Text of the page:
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National Maritime Museum, Ground floor, Main Hall

No photo quite prepares you for the experience of seeing this huge screw propeller from a type-23 frigate looming over your head.

If you had to pick one object that makes the modern Royal Navy go, this massive propeller would have to be the one. Standing underneath it, you enjoy a view that few land-based creatures will ever get.

This bronze-alloy propeller was made for a Type-23 frigate, the core warship of the Royal Navy's surface fleet. Type-23s were originally designed to patrol the North Atlantic on the prowl for submarines. The propeller is specially made to minimize underwater noise and prevent detection by enemy submarines. Combined with an innovative propulsion system, two low-speed propellers like this give the Type-23 frigate its reputation as an ultra-quiet anti-submarine ship.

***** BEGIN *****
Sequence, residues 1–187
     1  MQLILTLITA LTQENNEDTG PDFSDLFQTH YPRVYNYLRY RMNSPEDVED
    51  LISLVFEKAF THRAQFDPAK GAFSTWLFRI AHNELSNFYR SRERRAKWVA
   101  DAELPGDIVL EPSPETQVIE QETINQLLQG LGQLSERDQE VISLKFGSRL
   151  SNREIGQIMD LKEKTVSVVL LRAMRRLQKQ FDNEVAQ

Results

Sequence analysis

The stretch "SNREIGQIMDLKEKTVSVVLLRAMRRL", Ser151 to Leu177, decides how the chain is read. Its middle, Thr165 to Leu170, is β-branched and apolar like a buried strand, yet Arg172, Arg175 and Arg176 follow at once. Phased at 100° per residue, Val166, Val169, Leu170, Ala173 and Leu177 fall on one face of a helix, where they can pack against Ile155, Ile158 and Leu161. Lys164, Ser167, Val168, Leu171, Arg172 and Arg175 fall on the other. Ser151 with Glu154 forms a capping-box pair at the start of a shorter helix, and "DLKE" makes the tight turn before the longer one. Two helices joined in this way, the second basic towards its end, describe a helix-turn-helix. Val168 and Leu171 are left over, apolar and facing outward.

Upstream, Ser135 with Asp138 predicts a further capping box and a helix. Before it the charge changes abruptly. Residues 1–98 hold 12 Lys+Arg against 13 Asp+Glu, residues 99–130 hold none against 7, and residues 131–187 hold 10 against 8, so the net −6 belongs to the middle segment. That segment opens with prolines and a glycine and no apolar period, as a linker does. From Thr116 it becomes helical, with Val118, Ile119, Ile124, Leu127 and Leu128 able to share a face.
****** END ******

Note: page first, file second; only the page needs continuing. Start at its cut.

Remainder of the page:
There are currently thirteen Type-23s in active service in the Royal Navy, making up half of the frigate/destroyer force. Powerful and versatile, these 133-metre (436 ft) ships take part in a wide range of tasks including surveillance, anti-piracy operations and disaster-relief work.

They are often called 'Duke-class' frigates as they are all named after British dukes. Type-23s were built at the shipyards of Swan Hunter (Tyneside) and Yarrow's (Glasgow).

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